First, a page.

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CNC Machining: A Dying Art

Where are all the skilled machinists? We’ve asked ourselves this question often as we scour our resources to find quality CNC machinists. Ones that aren’t already happily employed. True machinists that understand every part of the production process (from blueprints to finished product) are especially hard to find. But employers are paying a pretty penny for someone with their experience today. There are several contributing factors to the decline of machinists in the workforce. However, the demand hasn’t really changed. In fact, it’s growing.

According to the Bureau of Labor Statistics, the number of machinists and tool die makers is projected to increase by nearly 30,000 as we approach 2030. This is consistent with general occupation employment growth. The demand isn’t slowing down, just the supply.

While college is an appealing route for many high school graduates, it is hard to deny that trades are just as (if not more) lucrative than careers that require a 4-year degree. As we dive into the various CNC positions, you will see that being successful out of the gate is relatively easy. Especially for those who have the desire to put in the effort and want to work with their hands instead of at a desk.

What are CNC Machines?

Computer numerical control (CNC) machines are operated by pre-programmed computer software. This software tells the machine exactly what it needs to do to spit out a desired product. There are many types of CNC machines that can cut, drill, grind, or smooth a variety of materials from plastic to metal. The industries that most commonly use these machines are aerospace, transportation, defense, firearms, commercial, electronics, medical, optical, oil + gas, and marine.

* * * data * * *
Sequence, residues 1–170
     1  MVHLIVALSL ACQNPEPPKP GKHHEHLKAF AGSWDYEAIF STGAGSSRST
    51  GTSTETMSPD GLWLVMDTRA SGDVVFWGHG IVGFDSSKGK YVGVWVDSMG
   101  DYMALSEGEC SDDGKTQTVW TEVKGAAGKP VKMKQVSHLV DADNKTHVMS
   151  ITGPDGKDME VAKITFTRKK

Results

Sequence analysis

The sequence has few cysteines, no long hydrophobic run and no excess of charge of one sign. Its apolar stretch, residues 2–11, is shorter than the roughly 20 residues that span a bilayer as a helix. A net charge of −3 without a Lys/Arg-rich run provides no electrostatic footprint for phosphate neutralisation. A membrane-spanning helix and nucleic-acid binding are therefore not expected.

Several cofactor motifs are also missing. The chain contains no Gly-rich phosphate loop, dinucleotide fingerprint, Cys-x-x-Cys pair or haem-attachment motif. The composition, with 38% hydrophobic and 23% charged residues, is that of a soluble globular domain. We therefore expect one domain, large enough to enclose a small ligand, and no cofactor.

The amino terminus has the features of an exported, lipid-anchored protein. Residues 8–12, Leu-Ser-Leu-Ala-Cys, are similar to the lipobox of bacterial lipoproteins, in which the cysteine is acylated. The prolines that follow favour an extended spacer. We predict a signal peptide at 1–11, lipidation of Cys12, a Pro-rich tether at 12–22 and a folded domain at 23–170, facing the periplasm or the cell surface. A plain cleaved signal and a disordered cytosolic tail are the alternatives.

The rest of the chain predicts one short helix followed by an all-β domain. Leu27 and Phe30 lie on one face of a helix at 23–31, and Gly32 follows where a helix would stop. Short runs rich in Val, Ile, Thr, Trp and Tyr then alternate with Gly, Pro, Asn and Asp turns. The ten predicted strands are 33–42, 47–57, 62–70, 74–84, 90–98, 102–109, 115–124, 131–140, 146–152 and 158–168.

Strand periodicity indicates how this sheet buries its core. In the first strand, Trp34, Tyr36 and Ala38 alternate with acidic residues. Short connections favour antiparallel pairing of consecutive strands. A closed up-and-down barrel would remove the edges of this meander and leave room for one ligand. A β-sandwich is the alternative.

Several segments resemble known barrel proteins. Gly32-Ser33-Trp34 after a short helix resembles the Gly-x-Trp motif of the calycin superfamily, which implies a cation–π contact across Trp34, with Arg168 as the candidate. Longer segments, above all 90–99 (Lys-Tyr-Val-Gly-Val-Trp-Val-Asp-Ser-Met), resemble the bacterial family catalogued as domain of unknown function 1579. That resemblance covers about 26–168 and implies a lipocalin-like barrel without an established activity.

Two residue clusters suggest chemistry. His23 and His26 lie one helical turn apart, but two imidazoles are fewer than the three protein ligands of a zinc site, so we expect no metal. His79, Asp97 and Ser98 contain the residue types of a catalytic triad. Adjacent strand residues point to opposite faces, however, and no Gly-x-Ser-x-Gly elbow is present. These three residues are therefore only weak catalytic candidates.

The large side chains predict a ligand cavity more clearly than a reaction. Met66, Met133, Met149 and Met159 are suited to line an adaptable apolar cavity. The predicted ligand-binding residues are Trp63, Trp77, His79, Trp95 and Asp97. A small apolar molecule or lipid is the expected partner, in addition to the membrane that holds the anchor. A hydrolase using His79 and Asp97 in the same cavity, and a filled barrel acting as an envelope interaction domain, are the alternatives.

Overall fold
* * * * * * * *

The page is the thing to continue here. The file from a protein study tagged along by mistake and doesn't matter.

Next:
CNC machines are crucial to the production process in many industries for creating prototypes, production parts, robot parts, machine components, furniture, and signage with maximum precision. Unfortunately, 3-D printers have failed to match the abilities of CNC machines thus far.

machine shop
An NCW client’s machine shop in Indianapolis, IN.


The History

CNC Machining, at its inception, was typically called “numerical control,” a system that didn’t initially involve a computer. The first official CNC machine was created in 1940. Inventor, John T. Parsons, discovered a way to calculate airfoil coordinates using a specific type of computer. This was the first computer numerical control machine that used punched cards as instructions for operation. The first CNC milling machine was created shortly thereafter in the 50s.

Since the 1950s, there have been many advancements in technology and computing that allow manufacturers greater accessibility to machines while requiring less skilled labor due to automation. Yes, technology advancements have changed requirements for skilled tradespeople in the field. But not all production facilities have made these advancements. Let’s look at the different skills required to program and run these machines [1].


CNC Programmers

This is where the machining process starts MOST of the time[2]. The programmer is responsible for using blueprints or models of components to create the code/program the machine will use to create the component. This job requires the skill to determine which kind of machine and tools to use to produce the component exactly right. Without getting too into the weeds, the programmer uses CAM (computer-aided manufacturing) or CAD (computer-aided design) software to translate the blueprints into a code (G-code) that the machine understands. As you can imagine, making a component out of raw material based on a visual requires extreme attention to detail, patience, and deep knowledge of CAD/CAM software and G-code [3].

What it takes to be a CNC Programmer:
  • Several years of experience with machines (as a machinist or operator)
  • deep knowledge of CAD software, CAM software and G-code



CNC Machinists: